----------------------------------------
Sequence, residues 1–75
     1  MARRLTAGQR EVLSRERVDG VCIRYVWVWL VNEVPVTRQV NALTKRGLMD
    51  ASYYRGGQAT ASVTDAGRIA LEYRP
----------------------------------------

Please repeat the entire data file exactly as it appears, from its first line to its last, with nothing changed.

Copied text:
Sequence, residues 1–75
     1  MARRLTAGQR EVLSRERVDG VCIRYVWVWL VNEVPVTRQV NALTKRGLMD
    51  ASYYRGGQAT ASVTDAGRIA LEYRP